Resumes typically give a prospective employer the first impression of your qualifications. When writing your resume, there are several guidelines to follow to ensure that it is clean, organized, and comprehensive.
In this article, we’ll go over what you do or do with your resumes to increase your chances of getting an interview.
Every resume should include your contact information, a description of your professional experience, a summary of your education, and a listing of your skills. Here are some dos and don’ts to keep in mind when creating your resume:
1. Relevant experience
Do: Describe your specific experience, skills, and achievements that are directly or indirectly related to the job you’re applying for. Include previous jobs with similar or related responsibilities that allowed you to practice relevant skills. Include any professional courses or certifications you have obtained, as well as any transferable skills.
Don’t: Mention any experiences that are unrelated to the job you’re looking for. You may, for example, be familiar with specific scheduling applications. Only include it on a resume if the job requires the same software. You might make the experience more universal by changing it to “Experienced in multi-calendar administration utilizing scheduling software.”
Do: Include relevant job-related education. Use your associate’s or bachelor’s degree for entry-level positions. You may also include your high school diploma or GED for some entry-level positions or if you have limited work experience. You should also include any related classes you have taken, such as industry-specific courses like marketing or finance, general education courses like English and writing, or technical courses in computer programming.
Don’t: Include your GPA. Some employers may ask for this information, but others may simply want to know your highest level of education, what and where you studied, and when you finished each level of education.
3. Personal information
Do: Include personal information such as your name, phone number, email address, and home address for some positions. Examine the job description for any additional personal information that should be included.
Don’t: Include information that is irrelevant to the job search or that the employer has not specifically requested. Some positions, usually in countries other than the United States, may require a headshot. Family details such as marital status and number of children are not usually required, though an employer may ask for that information during the initial hiring process and onboarding.
4. Job listings and qualification standards
Do: Apply for positions where you are fully or nearly qualified. If you’re willing to learn new abilities, you can look for jobs that demand more training. Job descriptions can be used as a checklist. Examine it against your credentials to evaluate how closely you meet the job’s requirements.
Don’t: Apply for employment for which you don’t meet the majority of the qualifications. Some firms may offer training to the proper individual and will frequently state so in their job posting. When looking at job advertisements, be sure you have the required level of education, training, and abilities.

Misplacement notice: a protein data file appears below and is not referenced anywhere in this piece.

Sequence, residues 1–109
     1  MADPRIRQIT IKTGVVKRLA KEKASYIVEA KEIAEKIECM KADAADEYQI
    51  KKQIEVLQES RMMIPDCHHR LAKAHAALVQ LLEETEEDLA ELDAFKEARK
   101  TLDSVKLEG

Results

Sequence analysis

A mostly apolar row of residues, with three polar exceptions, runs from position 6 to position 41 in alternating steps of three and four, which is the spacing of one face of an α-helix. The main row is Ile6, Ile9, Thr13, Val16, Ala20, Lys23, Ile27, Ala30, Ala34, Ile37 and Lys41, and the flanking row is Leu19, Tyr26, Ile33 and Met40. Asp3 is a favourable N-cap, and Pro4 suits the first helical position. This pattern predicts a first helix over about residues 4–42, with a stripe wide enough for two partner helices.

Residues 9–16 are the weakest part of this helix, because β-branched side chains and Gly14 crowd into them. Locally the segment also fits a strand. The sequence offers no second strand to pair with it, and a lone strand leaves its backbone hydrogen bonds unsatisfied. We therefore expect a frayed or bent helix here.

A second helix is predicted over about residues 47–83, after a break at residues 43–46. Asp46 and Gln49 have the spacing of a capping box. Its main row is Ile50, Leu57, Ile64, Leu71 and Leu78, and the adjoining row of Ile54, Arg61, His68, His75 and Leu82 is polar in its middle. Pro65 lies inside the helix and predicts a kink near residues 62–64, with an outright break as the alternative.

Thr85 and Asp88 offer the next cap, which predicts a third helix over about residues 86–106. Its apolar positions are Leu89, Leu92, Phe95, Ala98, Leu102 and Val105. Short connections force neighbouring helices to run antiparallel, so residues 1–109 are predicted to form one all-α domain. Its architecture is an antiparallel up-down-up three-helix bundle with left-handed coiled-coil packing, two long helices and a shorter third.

Do: When describing your experience and skills, use short, direct statements with easy-to-understand language. “Collaborated with a team of designers to generate targeted commercials” or “Led a team of financial managers to educate clients on investment strategies” are examples of statements you might use. These types of direct statements characterize your previous job role.
Don’t: Use cliches or idioms like “team player,” “hard worker,” or “detail-oriented” only if they are keywords from the job description. Avoid using too much jargon or industry-specific terminology. If they work in human resources or are doing an initial read-through before passing candidates to the hiring manager, the individual scanning your CV may be unfamiliar with certain phrases.
6. Applicant tracking systems
Do: Optimize the content and layout of your resume so that it can pass via an applicant tracking system (ATS). Because some firms receive a huge number of applications, they utilize an applicant tracking system (ATS) to screen out unqualified individuals. This technology scans each resume for relevant phrases and keywords, which are frequently those found in the job description. The passing resumes are then automatically assessed and given to the recruiting manager for assessment.
To ensure that your qualifications accurately match the demands of the role you’re looking for, utilize similar phrases and keywords from the job listing while composing your CV. You can also ensure that the ATS rates your resume on its content by using simple formatting and an easy-to-read structure.
Don’t: Use a complex template or overlook the job description’s keywords. Both of these stages are critical to guaranteeing your resume’s success.
Do: Create a one- to two-page resume that is brief. Short and to-the-point resumes are the most successful. For each available position, hiring managers and recruiters may scan hundreds of resumes, so a brief resume ensures that they can read it fast.
Don’t: Exceed two pages unless otherwise specified. Some jobs or industries may require a lengthier, more detailed resume, but the majority of employers prefer one or two pages. You may have held hundreds of previous jobs, but not all of them were relevant to the position you are looking for.
Do: Check your resume before sending it in. Use a spell checker and proofread your resume. Consider creating your resume and going through it again the next day. Also, have a friend or coworker read it and point out any places that may be improved.
Don’t: Submit a résumé that hasn’t been thoroughly evaluated. Because some ATS monitor for grammatical and spelling issues, make sure you finish this step to get the best ATS score.